Colour trends are forever changing and sometimes it’s difficult to keep up; to know what’s in and what’s out. What we do know, though, is that black and white are two colours that are always in style. In this post we’re going to learn the correct colour terms and discover how to make this classic theme work in your home. Perhaps how we use these colours may change over time, but this is a classic partnership that works in many different settings, and one that’s always on trend.
Many people refer to the black and white colour scheme as being ‘monochromatic’ but that’s not actually correct. Let’s begin by sorting out the difference between the terms ‘monochromatic’ and ‘achromatic’.
The intensity and vividness of a colour is represented by its saturation. Colours can broadly be divided into ‘chromatic’ and ‘achromatic’ colours, depending on the absence or presence of this saturation. A chromatic colour is any colour that has the slightest amount of hue while an achromatic colour lacks hues – like the colours white, grey and black.
A monochromatic palette uses variations in saturation and lightness of one colour. An easy way to remember this is to understand that ‘mono’ means a singular subject or object, while ‘chrome’ refers to colours – therefore, ‘monochrome’ means a single colour.
Therefore, a monochromatic palette uses just one colour in varying shades and intensity, like varying shades of green. It’s sophisticated, timeless, and perfect for establishing an overall mood.
When people refer to a black and white palette, they’re actually referring to an achromatic palette – which means no colour.
When there’s an ‘a’ at the beginning of a word, it means the negation of the term, so, because ‘chrome’ means colour, ‘achromatic’ means without colour. Neutral colours like grey, white, and black are referred to as achromatic colours. Achromatic colours have lightness but no hue or saturation.
Achromatic colour schemes are used in many places, like professional photography, advertising, and contemporary decorating. An achromatic colour scheme offers a cleanliness and simplicity that can only be found in combinations of black, white, and grey.
Homeowners and interior decorators use achromatic color schemes to make rooms look simplistic and fresh. For example: white kitchen cabinets give the appearance of space. Bathrooms also use achromatic colour schemes for a fresh, clean look. Without overwhelming the space, grey and white fixtures and tiles effectively create the illusion of a large room. Even bedrooms can reap the benefits of an achromatic colour scheme because it has such a calming effect, which is ideal in a room that’s designed for resting.
Contrast: High versus Low
The term ‘contrast’ refers to the size of the gap between the brightest and the darkest.
- Low contrast refers to a small gap,
- High contrast indicates a large gap.
So when we speak about black and white, we’re referring to a very high-contrast look.
A black and white colour scheme creates an energetic, active feeling, making our eyes bounce around a space. However, there can be variations in contrast with black and white schemes too, with the tones in high-contrast schemes ranging from bright highlights to dark shadows.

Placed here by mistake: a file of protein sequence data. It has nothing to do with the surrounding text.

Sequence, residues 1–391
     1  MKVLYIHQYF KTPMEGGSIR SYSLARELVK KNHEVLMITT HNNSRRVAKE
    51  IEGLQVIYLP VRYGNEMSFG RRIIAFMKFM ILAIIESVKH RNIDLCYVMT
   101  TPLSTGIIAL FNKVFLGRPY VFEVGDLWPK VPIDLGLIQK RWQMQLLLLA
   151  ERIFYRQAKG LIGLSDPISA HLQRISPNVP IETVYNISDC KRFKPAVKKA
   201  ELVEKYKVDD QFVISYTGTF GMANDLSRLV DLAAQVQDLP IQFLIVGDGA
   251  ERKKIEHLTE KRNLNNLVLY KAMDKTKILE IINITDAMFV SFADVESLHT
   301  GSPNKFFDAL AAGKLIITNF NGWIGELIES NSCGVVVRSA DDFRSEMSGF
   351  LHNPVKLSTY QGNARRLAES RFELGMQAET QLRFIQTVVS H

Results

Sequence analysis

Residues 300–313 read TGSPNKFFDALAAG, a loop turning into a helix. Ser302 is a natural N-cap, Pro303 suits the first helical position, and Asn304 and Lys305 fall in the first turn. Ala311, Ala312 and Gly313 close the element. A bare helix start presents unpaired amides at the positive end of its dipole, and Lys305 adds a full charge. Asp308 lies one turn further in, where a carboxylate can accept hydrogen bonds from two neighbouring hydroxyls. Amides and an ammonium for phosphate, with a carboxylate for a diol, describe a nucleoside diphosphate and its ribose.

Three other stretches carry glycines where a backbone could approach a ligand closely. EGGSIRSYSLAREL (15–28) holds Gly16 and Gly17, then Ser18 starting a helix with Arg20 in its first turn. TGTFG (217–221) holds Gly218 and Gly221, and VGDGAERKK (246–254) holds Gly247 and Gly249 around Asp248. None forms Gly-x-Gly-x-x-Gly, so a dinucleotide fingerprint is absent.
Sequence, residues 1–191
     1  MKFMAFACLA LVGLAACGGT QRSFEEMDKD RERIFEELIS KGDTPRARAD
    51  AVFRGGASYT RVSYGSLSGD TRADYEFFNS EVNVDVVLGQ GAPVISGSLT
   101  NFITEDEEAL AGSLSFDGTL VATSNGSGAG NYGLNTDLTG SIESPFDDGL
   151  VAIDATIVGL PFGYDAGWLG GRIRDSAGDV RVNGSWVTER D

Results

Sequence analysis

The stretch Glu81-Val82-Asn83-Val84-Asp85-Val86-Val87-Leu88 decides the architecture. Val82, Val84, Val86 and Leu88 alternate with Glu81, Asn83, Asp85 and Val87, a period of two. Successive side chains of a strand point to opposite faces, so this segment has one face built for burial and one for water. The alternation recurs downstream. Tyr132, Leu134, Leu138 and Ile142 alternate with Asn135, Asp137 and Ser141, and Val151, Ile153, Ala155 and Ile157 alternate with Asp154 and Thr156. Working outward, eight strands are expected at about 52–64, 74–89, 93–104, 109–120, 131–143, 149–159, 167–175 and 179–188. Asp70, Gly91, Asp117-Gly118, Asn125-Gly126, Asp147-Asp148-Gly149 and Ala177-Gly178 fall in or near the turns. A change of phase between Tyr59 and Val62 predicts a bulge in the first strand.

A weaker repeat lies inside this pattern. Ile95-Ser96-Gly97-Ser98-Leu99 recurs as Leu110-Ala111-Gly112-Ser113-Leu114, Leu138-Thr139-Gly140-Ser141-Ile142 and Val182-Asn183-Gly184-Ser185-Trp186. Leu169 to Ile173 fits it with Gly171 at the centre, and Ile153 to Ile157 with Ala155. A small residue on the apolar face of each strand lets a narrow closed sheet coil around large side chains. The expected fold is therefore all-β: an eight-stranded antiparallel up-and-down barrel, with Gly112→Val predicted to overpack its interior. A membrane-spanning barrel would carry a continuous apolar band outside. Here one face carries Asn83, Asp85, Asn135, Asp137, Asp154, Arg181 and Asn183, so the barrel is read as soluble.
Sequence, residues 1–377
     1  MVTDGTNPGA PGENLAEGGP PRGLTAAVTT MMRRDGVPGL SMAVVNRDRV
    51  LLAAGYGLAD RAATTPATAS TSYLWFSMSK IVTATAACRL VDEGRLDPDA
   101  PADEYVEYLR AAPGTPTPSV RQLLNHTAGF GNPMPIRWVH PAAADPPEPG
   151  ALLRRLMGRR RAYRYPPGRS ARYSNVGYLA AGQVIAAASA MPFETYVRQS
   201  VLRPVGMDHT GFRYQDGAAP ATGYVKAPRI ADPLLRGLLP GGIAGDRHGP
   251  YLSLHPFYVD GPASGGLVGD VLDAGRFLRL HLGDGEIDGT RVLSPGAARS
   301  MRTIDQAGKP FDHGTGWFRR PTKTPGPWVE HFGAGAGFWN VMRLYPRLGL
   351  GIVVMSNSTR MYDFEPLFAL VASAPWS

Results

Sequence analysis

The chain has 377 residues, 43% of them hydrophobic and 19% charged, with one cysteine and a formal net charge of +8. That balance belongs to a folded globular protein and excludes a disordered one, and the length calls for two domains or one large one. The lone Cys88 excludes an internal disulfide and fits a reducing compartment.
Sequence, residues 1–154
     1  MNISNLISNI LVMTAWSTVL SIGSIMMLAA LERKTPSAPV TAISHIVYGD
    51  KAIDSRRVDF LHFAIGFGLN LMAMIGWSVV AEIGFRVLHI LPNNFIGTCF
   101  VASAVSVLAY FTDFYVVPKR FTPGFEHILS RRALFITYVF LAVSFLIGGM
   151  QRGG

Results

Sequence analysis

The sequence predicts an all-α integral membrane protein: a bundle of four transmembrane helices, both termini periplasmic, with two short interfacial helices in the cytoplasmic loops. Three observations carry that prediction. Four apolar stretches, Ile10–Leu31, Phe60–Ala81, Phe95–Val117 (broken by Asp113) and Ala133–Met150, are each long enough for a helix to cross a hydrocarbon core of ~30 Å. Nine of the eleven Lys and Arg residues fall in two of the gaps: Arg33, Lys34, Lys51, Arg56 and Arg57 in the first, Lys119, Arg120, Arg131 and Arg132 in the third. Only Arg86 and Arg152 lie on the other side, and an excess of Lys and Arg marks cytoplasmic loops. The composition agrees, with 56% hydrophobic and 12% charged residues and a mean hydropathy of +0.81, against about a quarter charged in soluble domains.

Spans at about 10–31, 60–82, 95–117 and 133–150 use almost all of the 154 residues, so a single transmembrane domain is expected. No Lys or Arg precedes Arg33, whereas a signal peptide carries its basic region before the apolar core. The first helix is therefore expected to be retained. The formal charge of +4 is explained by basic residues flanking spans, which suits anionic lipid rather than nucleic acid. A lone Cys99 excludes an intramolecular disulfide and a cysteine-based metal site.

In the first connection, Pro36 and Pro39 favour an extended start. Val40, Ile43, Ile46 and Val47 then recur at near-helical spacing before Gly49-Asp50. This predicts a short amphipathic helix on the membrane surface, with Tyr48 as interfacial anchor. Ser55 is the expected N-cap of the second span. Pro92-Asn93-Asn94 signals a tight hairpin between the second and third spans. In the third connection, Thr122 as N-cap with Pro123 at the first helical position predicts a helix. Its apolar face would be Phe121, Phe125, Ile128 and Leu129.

Working with Black and White
A black and white colour scheme might sound pretty straightforward, but it can in fact vary a lot. It depends entirely on how much colour is used within a space, and where it’s used.
- More black than white
If you’re looking for a more sombre, den-like area, consider styling with black walls and black furniture, and adding finer white details through ornaments, cushions, and wall art.
- More white than black
Use more white than black if you prefer your space to look light and airy. Style with white walls and furniture, then add small accents of black through table legs, picture frames, and ornaments.
- Adding grey to the mix
Grey has a beautiful softening effect when used in a black and white colour scheme. Consider using different tones of grey; you may also like to add small-scale black and white patterns, like houndstooth and checks.
- Try flipping black and white
Flip the balance for a more dynamic look. We typically see dark floors and light walls in homes, so consider turning this colour scheme on its head and style with light floors and dark walls.
You may be surprised at just how versatile and timeless black and white rooms can be. You have two choices here: either soften the black and white palette by adding a warm accent colour like mustard, the colour of rustic timber or a jute rug; alternatively, keep the space energized by committing to the black and white scheme.
- Modernizing black and white
If you’re looking for a more contemporary urban look, begin by committing to the black and white scheme, then start experimenting with different tones of grey. A simple way to achieve this is with black and white photography and wall art.
- Black and White – it’s classic!
If you love the tradition and elegance of a country-style home, your black and white scheme can be warmed up with timber and other natural textures.
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